Scottish Fiddling Style

Scottish Fiddling Style

I’m interested in learning to play in the Scottish style (especially after listening to the tunes of Natalie MacMaster over and over again). Are there any set "styles" or "techniques" in Scottish music? Certain grace notes, triplets, bowing patterns, etc?

Re: Scottish Fiddling Style

I don’t know anything about fiddling (pardon my ignorance), but Cape Breton players (Ms. MacMaster) refer to playing "cuts" in certain tunes. Perhaps these "cuts" give their repeated notes a certain flavor?

Re: Scottish Fiddling Style

Hi there,

If you are interested in Cape Breton style fiddling, I highly recommend this book by Glenn Graham:
http://www.capebretonbooks.com/detail_1.jsp?book_id=306
He has written a masters thesis on Cape Breton fiddling. The book comes with a CD that has audio examples of the ornaments and cuts used in Cape Breton fiddling. I am reading it right now and I find it very informative and interesting.

Re: Scottish Fiddling Style

Sort of hard to condense all that down into a post isn’t it?
1. Keep listening.
2. Try some internet searches - a cursory one gave me this: http://www.scotlandsmusic.com/scottish-fiddle.htm
3. Find some fiddlers in your area that play in those styles (and there are several, by the way).

Scottish fiddling is really, really different from Irish music.

Re: Scottish Fiddling Style

Several techniques are peculiar to Scottish fiddling….
1.The Scotch Snap
2.The Up-Driven Bow
3.The Bow "Shake"

Re: Scottish Fiddling Style

My suggestion: Listen to Alasdair Fraser, and try to play like him. (That’ll keep you busy for a while….)

Re: Scottish Fiddling Style

Also listen to Johnny Cunningham recordings.

Mary

Re: Scottish Fiddling Style

Reenactor is right, as is Frog: bowing patterns are quite different. Jigs and reels tend to be played with separate bowings. It is also a lot scratchier (.."dirrrtier"… ) than your typical Irish bowing. And strathspeys are a sort of different animal; if you don’t get the bowings right, they sound slightly "off" and would be hard to dance to. You really need to get together with someone that plays in the Cape Breton style, if that is what you want to learn.

Re: Scottish Fiddling Style

I’m laughing pirate cos I tried to send the same link to my niece and it did the same thing.

Here is a more manageable link: http://www.elderly.com/books/items/01-100000.htm

There are a few different styles in Scotland, of course …

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Re: Scottish Fiddling Style

I have no financial stake or anything in this, but I know some of the people involved — from what I know if it, a great way to get immersed in Scottish fiddling (whatever your level of experience):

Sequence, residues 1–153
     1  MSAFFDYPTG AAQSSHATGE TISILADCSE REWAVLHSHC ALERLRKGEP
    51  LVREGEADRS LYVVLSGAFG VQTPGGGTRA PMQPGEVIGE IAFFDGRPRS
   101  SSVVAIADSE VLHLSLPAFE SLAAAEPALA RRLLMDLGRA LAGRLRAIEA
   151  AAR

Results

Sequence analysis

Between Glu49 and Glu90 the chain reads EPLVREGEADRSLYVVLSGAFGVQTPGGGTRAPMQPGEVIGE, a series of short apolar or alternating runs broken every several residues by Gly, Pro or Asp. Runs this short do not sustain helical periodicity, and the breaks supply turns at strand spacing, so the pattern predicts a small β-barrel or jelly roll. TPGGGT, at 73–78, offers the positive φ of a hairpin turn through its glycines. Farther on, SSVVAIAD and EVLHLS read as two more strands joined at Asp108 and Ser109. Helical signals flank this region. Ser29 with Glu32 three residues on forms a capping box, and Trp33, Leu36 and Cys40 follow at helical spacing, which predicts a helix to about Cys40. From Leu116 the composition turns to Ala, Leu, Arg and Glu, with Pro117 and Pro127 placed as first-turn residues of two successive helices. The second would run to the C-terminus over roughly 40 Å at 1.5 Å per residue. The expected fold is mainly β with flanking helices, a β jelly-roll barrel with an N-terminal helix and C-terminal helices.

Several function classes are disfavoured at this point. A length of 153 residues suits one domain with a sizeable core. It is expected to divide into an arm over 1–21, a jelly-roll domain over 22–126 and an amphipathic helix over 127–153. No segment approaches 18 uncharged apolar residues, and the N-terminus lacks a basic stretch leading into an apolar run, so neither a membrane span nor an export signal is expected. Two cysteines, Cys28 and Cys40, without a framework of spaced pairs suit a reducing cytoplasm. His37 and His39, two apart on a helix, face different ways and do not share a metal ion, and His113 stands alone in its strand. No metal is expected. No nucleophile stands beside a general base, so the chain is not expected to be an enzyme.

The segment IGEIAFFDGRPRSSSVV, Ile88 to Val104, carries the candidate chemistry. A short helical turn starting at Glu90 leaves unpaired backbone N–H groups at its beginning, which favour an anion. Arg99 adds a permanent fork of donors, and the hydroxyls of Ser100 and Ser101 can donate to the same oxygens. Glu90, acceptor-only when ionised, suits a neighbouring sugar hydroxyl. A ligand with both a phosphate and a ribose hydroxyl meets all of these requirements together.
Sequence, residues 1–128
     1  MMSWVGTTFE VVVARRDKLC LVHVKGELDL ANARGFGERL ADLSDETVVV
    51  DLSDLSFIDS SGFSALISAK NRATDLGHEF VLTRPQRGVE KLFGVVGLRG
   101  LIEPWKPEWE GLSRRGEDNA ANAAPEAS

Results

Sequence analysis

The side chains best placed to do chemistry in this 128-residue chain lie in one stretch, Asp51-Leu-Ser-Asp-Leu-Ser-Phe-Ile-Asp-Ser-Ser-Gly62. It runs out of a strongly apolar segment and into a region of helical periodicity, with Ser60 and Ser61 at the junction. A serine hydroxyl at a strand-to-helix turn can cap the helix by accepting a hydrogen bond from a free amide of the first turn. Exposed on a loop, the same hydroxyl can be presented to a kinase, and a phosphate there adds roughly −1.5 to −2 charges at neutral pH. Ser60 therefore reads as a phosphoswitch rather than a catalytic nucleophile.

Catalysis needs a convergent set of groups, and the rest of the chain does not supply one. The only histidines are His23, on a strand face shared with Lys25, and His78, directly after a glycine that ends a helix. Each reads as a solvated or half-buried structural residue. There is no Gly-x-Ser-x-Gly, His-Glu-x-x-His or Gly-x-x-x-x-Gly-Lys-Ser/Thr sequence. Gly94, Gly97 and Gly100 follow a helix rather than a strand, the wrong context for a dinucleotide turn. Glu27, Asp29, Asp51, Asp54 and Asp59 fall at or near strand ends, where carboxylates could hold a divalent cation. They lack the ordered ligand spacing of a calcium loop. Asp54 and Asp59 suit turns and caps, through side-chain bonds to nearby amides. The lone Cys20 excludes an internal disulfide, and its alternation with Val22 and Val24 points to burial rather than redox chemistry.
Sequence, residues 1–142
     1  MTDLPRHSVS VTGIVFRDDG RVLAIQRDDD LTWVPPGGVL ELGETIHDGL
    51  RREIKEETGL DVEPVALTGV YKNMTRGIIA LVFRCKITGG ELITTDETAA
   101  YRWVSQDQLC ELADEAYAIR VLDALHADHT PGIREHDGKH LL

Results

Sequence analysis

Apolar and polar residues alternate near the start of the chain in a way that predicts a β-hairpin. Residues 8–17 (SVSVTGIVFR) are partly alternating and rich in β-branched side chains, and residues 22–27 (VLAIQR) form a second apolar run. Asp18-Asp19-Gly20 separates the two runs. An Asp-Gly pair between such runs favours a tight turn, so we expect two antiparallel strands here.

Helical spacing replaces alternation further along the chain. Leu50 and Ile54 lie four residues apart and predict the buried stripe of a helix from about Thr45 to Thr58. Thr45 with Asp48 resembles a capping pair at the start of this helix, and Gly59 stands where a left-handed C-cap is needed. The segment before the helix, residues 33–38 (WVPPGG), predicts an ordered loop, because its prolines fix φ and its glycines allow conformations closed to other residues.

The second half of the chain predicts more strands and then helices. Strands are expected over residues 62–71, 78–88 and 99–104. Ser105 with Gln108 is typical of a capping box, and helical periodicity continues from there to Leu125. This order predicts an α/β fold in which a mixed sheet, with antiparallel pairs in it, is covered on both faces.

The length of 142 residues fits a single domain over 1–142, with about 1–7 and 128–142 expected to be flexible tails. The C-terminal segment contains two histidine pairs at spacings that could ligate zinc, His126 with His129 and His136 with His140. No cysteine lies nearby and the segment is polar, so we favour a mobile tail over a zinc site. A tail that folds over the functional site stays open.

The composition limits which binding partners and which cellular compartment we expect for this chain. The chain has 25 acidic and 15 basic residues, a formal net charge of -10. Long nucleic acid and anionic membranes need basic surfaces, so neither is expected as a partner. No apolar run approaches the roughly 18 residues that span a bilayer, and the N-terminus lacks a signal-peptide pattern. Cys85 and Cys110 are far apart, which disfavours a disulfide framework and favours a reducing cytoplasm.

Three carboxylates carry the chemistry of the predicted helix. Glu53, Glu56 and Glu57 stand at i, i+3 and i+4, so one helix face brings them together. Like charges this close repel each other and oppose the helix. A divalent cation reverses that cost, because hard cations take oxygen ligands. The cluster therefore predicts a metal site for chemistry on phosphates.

http://scottishfiddle.org/bh/

(Of course, it depends where you are and how far you’d have to travel to get there!)

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Re: Scottish Fiddling Style

Thank you. But what are:

1.The Scotch Snap
2.The Up-Driven Bow
3.The Bow "Shake"

???

Re: Scottish Fiddling Style

Or, more specifically, Natalie’s style?

Re: Scottish Fiddling Style

1.The Scotch Snap - a short accented note before a longer one, typically a semiquaver followed by a dotted quaver.
2.The Up-Driven Bow - technique attributed to Niel Gow and apparently a development of the scotch snap in which the first note is taken with a sharp down bow and the next three with an up bow with emphasis on the third note of the phrase and the last note is played staccato.
3.The Bow "Shake" - a rapid and indistinct bowed triplet, more of a scratch than a series of notes. Hard to describe accurately, but youll know it when you hear it.
Hope that helps.

Re: Scottish Fiddling Style

Jim Dorans used to be an active member of this site. He has his own site:
http://www.worldfiddlemusic.co.uk/
It has sections whith tutorials for Irish fiddling, Scottish fiddling, etc
The site is free but requires registration. As I’m not a fiddler I haven’t registered so I know nothing about the content. But it could be worth a try.
Lars

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Re: Scottish Fiddling Style

This is a great book: "Scottish Fiddlers and Their Music" by Mary Anne Alburger. An enjoyable read with lots of sample tunes and illustrations. It tells you all about the Scotch Snap and the up-driven bow. My copy’s becoming quite dog-eared. Many of the tunes are very challenging (too difficult for me). On the cover a formidable picture of Scott Skinner - there’s a site devoted to him here: http://www.abdn.ac.uk/scottskinner/